Pros: Fascinating, whimsical, dark
Cons: Some details that still confuse me a little
Rating: 4 out of 5
Dean Koontz’s Ashley Bell is the story of Bibi Blair, a children’s book author who gets swept up in a very strange set of events. She believes she’s meant to save the life of someone named Ashley Bell, but she has no idea who that is or where to start. She also seems to be opposed by deadly folk of both mundane and supernatural origin.
Maybe ten years ago (or thereabouts) I remember thinking that Koontz’s ability to create tension was amazing, but the early parts of his books tended to drag, over-explain, etc. Well, he’s definitely improved over those years. I’m crazy about most of his Odd Thomas books, and Ashley Bell has more in common with those books than his earlier work. There’s a certain whimsicality that reminds me of Odd Thomas, but it’s matched with some no-nonsense personality. Prose that I used to find overly purple now adds a lovely lyricism–and I don’t find the purple as out-of-place.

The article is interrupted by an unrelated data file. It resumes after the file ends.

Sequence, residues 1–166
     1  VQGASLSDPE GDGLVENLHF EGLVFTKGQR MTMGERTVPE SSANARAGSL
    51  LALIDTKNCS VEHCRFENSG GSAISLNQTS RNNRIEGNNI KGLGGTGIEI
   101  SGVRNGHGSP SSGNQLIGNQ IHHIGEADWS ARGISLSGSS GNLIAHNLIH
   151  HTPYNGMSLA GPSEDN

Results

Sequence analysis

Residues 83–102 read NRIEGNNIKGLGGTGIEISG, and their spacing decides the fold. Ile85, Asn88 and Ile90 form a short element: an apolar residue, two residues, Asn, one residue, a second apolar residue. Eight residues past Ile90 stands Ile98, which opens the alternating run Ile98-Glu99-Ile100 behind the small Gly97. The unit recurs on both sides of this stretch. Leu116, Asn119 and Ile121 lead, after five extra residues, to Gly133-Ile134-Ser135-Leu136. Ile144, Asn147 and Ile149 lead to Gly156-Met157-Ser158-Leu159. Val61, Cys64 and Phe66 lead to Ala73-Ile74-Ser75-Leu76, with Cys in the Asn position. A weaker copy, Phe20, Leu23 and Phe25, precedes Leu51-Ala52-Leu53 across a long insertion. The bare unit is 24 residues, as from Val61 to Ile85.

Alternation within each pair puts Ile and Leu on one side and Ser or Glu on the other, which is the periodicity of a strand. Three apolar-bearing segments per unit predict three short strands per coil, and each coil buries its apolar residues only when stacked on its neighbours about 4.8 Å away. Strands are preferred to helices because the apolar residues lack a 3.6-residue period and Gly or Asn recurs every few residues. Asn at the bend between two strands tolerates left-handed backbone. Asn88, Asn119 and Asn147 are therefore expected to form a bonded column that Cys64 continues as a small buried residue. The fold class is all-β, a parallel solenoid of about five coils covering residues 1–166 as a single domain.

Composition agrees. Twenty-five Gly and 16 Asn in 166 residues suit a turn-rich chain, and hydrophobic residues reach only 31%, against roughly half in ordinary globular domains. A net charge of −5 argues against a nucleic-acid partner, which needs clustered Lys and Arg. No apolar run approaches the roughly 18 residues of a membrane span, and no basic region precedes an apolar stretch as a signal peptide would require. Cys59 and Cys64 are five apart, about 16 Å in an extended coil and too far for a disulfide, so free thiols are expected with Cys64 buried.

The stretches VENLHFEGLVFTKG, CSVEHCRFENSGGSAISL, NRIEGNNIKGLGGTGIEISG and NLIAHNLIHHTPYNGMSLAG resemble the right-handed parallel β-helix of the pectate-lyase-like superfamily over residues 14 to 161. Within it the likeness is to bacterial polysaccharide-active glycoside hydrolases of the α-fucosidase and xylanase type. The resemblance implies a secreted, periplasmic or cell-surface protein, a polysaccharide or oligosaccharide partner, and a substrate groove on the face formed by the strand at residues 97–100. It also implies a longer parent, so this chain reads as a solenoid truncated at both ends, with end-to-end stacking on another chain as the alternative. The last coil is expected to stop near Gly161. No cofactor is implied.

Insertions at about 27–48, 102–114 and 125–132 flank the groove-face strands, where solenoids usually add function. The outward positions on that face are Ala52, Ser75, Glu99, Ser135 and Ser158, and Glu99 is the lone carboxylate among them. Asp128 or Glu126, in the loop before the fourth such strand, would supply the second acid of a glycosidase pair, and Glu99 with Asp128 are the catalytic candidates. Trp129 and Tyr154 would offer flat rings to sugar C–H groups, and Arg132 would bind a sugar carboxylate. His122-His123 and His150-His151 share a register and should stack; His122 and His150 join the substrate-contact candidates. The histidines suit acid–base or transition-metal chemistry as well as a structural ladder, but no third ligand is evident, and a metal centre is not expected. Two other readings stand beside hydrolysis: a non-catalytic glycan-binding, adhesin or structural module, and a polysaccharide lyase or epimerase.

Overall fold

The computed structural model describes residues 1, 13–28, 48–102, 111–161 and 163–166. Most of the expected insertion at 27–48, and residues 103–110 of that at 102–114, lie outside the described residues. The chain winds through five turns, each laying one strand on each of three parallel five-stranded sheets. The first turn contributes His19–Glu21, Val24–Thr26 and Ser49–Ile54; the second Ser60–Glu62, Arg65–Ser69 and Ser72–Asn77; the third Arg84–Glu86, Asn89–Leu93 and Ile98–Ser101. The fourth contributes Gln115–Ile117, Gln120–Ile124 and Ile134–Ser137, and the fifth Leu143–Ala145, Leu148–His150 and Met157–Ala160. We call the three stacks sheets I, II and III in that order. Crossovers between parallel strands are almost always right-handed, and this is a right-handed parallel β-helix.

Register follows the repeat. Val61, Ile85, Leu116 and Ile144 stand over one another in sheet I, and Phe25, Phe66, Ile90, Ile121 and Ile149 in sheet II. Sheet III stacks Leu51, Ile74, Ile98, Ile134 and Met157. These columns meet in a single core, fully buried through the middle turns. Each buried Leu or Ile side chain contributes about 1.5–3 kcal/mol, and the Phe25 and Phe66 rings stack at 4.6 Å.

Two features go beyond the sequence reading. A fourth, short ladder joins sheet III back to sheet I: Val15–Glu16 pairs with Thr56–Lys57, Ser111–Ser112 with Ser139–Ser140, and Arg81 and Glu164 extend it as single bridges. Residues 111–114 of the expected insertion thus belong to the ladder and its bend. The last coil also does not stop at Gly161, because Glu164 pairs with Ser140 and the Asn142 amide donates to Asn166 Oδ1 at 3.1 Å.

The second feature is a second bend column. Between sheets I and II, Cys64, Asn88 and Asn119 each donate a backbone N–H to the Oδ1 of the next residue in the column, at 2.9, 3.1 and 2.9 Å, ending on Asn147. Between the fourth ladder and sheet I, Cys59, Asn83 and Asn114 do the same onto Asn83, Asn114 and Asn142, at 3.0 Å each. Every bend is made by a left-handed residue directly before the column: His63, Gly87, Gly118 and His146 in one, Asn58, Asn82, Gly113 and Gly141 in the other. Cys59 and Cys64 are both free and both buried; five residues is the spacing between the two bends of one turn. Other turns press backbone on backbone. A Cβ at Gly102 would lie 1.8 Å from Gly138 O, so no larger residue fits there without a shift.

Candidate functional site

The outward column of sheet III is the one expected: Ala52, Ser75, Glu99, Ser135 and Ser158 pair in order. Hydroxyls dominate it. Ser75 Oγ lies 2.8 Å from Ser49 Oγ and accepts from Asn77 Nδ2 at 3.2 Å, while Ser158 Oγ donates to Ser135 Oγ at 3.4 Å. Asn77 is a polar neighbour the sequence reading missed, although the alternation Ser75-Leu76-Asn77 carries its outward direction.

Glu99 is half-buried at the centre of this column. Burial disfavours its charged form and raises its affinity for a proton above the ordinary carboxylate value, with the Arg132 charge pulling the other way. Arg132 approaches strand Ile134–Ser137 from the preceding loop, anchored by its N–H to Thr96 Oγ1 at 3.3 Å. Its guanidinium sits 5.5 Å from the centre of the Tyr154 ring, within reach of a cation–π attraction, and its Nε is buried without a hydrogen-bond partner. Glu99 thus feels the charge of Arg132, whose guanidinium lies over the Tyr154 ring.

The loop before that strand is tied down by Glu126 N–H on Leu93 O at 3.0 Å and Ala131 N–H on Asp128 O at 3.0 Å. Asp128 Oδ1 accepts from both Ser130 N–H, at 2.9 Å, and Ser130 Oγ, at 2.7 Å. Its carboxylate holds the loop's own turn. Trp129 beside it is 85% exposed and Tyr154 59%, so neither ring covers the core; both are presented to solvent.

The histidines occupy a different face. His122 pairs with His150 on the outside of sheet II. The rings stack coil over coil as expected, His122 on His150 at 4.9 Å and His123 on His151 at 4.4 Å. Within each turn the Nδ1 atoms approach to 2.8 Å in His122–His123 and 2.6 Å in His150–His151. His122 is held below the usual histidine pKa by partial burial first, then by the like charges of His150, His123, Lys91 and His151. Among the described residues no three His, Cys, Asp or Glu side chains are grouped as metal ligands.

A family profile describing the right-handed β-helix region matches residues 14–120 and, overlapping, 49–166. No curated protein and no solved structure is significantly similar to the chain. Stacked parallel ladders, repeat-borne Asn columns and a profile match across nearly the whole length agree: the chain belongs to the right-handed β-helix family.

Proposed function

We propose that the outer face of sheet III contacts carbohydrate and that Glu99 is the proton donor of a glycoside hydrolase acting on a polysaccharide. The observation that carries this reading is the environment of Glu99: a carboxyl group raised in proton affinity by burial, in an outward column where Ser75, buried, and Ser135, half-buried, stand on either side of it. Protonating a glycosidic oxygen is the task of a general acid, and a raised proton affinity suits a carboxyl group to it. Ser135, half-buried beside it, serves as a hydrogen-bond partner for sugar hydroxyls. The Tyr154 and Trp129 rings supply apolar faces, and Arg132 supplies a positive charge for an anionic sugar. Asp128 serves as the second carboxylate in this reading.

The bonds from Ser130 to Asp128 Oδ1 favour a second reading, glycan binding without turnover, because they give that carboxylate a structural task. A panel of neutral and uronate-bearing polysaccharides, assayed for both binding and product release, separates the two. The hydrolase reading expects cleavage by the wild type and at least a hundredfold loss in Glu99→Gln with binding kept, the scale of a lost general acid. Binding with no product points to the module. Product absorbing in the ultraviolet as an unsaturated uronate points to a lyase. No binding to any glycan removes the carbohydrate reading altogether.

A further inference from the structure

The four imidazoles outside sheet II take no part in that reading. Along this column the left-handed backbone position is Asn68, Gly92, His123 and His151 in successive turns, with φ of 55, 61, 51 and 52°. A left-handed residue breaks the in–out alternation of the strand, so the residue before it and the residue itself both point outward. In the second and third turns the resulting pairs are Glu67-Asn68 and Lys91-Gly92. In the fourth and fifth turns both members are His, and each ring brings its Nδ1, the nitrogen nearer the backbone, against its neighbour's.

Bibi is a wonderfully fun character. Her parents are both surfers (and she has done plenty of surfing of her own). She has some fascinating friends, and she’s involved with a Navy SEAL–who happens to be in the middle of a mission that doesn’t allow contact when things start getting weird. Bibi herself is a very strong character, willing to push hard and work her ass off to get where she’s going. Although she’s strong-willed and brave, she has some past demons to work her way through. She’s deliberately suppressed some memories, and without them she isn’t going to be able to complete her mission. With them, however, she might fall apart. The cadence of the book is such that it made me feel Bibi and her personality.
There are some events partway through the book that in many authors’ hands would act as deus ex machinae. Instead, they add new dimensions to the events that are going on–new challenges, and new resources. I was dubious of them at first, but they worked seamlessly into the narrative. The theme that wends its way through every word is one of reality, right down to questioning whether those repressed memories are real, and on what level.
I’m running out of ways to get into this that won’t give too much away. It suffices to say that I loved the pacing, style, personality, tension, and characters of Ashley Bell!
NOTE: Book provided free for review by publisher
Expected publication date: 12/8/2015